Portions of this study were presented at the 2008 annual meeting of the American Psychosomatic Society in Baltimore, MD.

Contributor Information

Theodore F. Robles, Department of Psychology, University of California, Los Angeles.

Kathryn P. Brooks, Department of Psychology, University of California, Los Angeles.

Sarah D. Pressman, Department of Psychology, University of Kansas.


  • Altemus M, Rao B, Dhabhar FS, Ding W, Granstein RD. Stress-induced changes in skin barrier function in healthy women. Journal of Investigative Dermatology. 2001;117:309–317. [PubMed]
  • Arck PC, Slominski A, Theoharides TC, Peters EM, Paus R. Neuroimmunology of stress: Skin takes center stage. Journal of Investigative Dermatology. 2006;126:1697–1704. [PMC free article] [PubMed]
  • Buysse DJ, Reynolds CF, III, Monk TH, Berman SR, Kupfer DJ. The Pittsburgh Sleep Quality Index: A new instrument for psychiatric practice and research. Psychiatry Research. 1989;28:193–213. [PubMed]
  • Choi EH, Brown BE, Crumrine D, Chang S, Man MQ, Elias PM, et al. Mechanisms by which psychologic stress alters cutaneous permeability barrier homeostasis and stratum corneum integrity. Journal of Investigative Dermatology. 2005;124:587–595. [PubMed]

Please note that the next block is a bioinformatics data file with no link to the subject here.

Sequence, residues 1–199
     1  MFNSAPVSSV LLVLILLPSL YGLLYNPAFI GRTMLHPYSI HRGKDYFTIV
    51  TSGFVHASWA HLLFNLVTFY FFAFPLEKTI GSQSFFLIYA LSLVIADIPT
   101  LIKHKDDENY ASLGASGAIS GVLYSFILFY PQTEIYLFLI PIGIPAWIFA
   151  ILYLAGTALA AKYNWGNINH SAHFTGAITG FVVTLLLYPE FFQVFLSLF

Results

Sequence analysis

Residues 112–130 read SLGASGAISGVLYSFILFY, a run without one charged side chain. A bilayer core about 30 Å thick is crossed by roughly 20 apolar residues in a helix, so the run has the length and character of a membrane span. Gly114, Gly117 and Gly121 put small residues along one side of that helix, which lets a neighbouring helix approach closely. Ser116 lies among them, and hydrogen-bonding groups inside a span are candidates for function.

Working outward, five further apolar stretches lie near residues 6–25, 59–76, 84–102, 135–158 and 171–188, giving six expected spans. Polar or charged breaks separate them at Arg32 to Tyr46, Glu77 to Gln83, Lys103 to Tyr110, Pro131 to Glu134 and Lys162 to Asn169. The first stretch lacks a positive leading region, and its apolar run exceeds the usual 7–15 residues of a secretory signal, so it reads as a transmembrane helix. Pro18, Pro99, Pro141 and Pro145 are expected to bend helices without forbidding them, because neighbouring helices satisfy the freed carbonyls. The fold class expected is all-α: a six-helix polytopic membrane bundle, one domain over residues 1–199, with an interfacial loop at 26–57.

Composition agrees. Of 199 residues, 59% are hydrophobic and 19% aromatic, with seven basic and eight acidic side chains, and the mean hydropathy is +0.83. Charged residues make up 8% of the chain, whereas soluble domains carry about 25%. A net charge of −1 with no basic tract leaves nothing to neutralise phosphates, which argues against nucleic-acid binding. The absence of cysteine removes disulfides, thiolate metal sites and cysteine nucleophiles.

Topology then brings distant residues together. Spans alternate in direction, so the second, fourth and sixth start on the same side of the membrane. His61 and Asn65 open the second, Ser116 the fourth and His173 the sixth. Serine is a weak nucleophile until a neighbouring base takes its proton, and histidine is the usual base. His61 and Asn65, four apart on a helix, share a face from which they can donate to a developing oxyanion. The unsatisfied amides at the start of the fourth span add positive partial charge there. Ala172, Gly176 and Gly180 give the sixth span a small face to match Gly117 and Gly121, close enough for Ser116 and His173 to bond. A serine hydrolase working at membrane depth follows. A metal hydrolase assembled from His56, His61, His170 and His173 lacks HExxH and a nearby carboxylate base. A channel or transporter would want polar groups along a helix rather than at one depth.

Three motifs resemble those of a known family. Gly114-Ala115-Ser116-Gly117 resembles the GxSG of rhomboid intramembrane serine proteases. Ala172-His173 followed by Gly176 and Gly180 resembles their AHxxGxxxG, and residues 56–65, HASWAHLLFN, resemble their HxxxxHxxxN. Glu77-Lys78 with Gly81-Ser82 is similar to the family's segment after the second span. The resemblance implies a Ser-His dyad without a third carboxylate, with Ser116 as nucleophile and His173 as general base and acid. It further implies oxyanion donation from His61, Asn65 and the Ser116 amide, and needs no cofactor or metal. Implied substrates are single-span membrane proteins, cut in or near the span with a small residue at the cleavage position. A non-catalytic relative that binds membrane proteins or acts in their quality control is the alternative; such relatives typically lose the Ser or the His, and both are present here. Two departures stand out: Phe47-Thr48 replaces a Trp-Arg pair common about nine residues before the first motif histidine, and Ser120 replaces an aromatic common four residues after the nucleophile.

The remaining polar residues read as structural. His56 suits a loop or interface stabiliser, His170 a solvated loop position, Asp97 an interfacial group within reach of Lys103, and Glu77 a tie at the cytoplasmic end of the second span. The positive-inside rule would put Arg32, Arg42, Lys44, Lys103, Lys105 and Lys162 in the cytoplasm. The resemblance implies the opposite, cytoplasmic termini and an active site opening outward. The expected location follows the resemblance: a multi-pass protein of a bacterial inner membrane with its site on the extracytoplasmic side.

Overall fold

• Christian LM, Graham JE, Padgett DA, Glaser R, Kiecolt-Glaser JK. Stress and wound healing. Neuroimmunomodulation. 2006;13:337–346. [PMC free article] [PubMed]
  • Cohen S, Doyle WJ, Turner RB, Alper CM, Skoner DP. Emotional style and susceptibility to the common cold. Psychosomatic Medicine. 2003;65:652–657. [PubMed]
  • Crawford JR, Henry JD. The Positive and Negative Affect Schedule (PANAS): Construct validity, measurement properties and normative data in a large non-clinical sample. British Journal of Clinical Psychology. 2004;43:245–265. [PubMed]
  • Denda M, Sokabe T, Fukumi-Tominaga T, Tominaga M. Effects of skin surface temperature on epidermal permeability barrier homeostasis. Journal of Investigative Dermatology. 2007;127:654–659. [PubMed]